The Now Habit gets rid of a lot of pre-concieved notions about what procrastination is and why we do it. Most books out there try fixing the result of the problem, procrastination. But you can't fix a result without first knowing and fixing the real issue, the problem that created the result.
Fiore makes you re-evaluate yourself and look at what the true problems are. He says "Procrastination is not the cause of our problems,... it is an attempt to resolve... low self-esteem, perfectionism, fear of failure and of success, indecisiveness, an imbalance between work and play, ineffective goal-setting, and negative concepts about work and self." What we are really fighting isn't procrastination, but the things that make us use procrastination as a form of protection for ourselves. He goes on the explain each underlying issue, and how we can overcome those to use the energy we were normally putting in procrastination, into the project itself. He gives you a few tools you can use at your disposal should you ever become stuck and feel like reverting back to your old habits.
I gave this book five stars because it includes all the elements you need to overcome this debilitating habit. It includes proper identification of the problem, explinations on the "why" questions, the effective way of solving the issues, and the tools to do it.
Most Recent Customer Reviews
This book is full of advice and practical ideas. Like anything else this is not the answer to everything but it helps.Published 21 months ago by Silvermouse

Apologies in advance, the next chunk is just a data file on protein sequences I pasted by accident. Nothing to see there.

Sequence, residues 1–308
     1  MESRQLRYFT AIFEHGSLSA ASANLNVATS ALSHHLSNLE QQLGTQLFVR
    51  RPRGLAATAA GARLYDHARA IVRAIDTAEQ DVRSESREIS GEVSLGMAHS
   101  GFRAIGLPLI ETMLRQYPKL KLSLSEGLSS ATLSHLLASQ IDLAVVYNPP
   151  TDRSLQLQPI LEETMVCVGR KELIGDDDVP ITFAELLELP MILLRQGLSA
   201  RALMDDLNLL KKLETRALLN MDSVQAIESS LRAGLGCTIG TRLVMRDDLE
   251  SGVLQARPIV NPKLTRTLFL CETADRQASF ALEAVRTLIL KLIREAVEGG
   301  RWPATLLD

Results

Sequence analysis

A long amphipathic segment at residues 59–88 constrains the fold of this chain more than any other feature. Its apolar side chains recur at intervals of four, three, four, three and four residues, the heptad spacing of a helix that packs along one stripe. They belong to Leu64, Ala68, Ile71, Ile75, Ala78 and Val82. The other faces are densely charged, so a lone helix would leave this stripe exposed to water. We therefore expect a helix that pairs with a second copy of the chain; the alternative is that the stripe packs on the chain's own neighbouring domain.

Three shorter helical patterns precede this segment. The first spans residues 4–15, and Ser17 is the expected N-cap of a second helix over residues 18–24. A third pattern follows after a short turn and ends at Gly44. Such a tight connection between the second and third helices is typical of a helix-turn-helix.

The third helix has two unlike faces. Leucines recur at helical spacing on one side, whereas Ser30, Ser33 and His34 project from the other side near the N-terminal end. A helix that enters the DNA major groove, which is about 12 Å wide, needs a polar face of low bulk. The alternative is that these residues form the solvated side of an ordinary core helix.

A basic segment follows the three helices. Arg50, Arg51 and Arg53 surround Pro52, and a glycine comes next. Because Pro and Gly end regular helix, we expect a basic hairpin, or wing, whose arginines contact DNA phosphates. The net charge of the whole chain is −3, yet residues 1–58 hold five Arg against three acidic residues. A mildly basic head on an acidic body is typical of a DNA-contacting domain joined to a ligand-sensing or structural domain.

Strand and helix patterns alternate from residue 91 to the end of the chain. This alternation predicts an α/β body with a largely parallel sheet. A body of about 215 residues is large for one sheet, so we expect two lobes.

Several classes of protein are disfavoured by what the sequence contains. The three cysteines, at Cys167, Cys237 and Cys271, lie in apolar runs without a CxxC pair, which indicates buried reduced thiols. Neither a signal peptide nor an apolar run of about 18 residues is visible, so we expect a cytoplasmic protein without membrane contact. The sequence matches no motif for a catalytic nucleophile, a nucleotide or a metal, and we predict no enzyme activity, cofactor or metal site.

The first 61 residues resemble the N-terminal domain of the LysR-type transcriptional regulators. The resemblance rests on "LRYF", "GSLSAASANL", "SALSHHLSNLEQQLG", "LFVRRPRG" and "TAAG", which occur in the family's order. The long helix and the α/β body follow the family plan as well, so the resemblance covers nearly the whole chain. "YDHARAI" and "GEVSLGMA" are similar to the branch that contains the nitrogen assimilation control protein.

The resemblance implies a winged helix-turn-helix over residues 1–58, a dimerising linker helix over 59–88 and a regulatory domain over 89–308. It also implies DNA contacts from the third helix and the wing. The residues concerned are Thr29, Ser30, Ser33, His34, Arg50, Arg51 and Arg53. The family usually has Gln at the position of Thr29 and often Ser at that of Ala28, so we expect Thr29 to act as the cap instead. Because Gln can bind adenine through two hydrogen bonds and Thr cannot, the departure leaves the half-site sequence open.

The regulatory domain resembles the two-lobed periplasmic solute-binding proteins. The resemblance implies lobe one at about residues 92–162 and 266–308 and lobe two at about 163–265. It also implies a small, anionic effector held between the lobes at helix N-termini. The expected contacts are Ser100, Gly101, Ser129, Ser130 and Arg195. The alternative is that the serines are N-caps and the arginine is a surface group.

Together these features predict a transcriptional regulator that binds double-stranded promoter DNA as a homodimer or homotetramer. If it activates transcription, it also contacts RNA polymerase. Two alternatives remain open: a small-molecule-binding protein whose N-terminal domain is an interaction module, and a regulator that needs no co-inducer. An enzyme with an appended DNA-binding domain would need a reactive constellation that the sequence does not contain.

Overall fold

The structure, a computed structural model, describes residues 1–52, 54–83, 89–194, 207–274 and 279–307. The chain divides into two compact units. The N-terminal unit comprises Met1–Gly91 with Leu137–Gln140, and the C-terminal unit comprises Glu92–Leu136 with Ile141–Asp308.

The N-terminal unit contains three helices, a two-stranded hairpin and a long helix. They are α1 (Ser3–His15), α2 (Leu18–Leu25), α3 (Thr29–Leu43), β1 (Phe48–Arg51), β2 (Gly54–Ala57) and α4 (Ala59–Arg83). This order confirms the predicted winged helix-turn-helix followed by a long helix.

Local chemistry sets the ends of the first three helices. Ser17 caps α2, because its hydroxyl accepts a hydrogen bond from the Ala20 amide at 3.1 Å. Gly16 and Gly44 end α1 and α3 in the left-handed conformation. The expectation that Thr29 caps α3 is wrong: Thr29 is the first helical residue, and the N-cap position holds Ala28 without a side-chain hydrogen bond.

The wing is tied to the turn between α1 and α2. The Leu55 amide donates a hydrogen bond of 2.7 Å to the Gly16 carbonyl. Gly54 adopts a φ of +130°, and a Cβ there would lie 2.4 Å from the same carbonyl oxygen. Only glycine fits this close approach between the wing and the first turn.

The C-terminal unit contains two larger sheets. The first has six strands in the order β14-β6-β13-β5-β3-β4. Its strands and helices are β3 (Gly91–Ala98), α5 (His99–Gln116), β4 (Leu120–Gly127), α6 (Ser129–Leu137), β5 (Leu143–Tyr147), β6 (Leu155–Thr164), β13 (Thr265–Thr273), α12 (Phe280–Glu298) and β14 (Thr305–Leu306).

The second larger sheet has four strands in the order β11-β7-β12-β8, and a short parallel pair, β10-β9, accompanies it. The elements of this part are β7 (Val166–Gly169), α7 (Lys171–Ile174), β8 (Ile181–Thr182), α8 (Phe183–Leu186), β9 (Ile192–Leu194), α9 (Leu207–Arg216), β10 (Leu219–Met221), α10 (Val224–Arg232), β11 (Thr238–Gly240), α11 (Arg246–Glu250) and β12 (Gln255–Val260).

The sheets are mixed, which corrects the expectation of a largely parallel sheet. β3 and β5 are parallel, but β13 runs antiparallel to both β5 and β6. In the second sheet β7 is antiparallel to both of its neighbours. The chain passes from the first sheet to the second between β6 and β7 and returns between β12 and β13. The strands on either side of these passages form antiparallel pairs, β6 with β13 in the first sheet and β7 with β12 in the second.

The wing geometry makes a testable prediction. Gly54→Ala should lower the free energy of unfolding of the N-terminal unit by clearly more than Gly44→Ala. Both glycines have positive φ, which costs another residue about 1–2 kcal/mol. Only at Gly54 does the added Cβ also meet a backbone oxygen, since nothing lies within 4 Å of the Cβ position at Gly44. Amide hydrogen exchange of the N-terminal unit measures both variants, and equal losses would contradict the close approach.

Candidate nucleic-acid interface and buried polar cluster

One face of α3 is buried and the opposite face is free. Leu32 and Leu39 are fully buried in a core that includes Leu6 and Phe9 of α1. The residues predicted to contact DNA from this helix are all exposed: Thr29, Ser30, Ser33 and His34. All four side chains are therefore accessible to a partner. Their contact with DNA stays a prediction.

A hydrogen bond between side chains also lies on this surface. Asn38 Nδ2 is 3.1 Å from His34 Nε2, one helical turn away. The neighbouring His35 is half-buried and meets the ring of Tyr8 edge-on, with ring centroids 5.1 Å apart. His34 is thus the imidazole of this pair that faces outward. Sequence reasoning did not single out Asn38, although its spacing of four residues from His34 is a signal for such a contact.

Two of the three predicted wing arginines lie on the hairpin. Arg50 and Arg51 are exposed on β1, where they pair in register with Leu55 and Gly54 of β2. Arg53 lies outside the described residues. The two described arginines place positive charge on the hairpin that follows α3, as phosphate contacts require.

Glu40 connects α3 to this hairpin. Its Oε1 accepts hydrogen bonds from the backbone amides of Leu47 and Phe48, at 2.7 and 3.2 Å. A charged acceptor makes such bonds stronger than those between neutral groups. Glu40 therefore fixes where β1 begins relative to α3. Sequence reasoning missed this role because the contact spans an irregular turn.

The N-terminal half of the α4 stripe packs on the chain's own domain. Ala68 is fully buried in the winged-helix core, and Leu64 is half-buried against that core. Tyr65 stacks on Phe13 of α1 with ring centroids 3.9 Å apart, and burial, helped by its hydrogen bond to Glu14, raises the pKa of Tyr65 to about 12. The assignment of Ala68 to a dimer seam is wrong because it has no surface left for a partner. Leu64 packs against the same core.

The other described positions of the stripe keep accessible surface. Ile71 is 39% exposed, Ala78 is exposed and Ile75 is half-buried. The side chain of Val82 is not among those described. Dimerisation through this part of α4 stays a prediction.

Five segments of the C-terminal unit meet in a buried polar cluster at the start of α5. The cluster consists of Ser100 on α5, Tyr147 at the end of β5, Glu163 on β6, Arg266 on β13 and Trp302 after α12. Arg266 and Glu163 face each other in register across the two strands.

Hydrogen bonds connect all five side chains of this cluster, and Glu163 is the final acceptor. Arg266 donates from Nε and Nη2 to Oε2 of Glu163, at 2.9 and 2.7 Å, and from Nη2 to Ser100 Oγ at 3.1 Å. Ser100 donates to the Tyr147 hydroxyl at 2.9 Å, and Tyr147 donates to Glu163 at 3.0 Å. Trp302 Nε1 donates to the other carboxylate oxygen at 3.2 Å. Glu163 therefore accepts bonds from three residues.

My husband and I love this book. I have the audiobook version too. It's so practical and easy to follow and this method has improved both our productivity 1000% fold and made us... Read morePublished 22 months ago by WMAK
Neil Fiore offers traditional advice on dealing with procrastination. Nothing wrong with that, especially with the additional detail Dr. Fiore provides. Read morePublished 23 months ago by Jerry Saperstein
Like most people I procrastinate, but it got to the point where not only do I procrastinate big projects but everything, literally. Read morePublished on December 5, 2013 by Octavio Lopez Jr
Nothing new in this book but again, I don't think there is a "secret" to things like this. The tittle basically sums up everything but he does share some stories about... Read morePublished on December 3, 2013 by hus
If I ever get around to reading it. Maybe then I will write an in depth, comprehensive review...maybe...or maybe not...Published on January 20, 2013 by Ed Williams
Between this book and Getting Things Done" by David Allen . I found that this book solved a mental problem which i didnt know i had , compared to getting thing done book that... Read morePublished on August 28, 2012 by Raad alkhateeb
Easy to read. Straight to the point. Changed my self-image as a procrastinator in one day. I am well on my way to writing without anxiety already. Thank you, Neil. Read morePublished on March 17, 2011 by polarnomad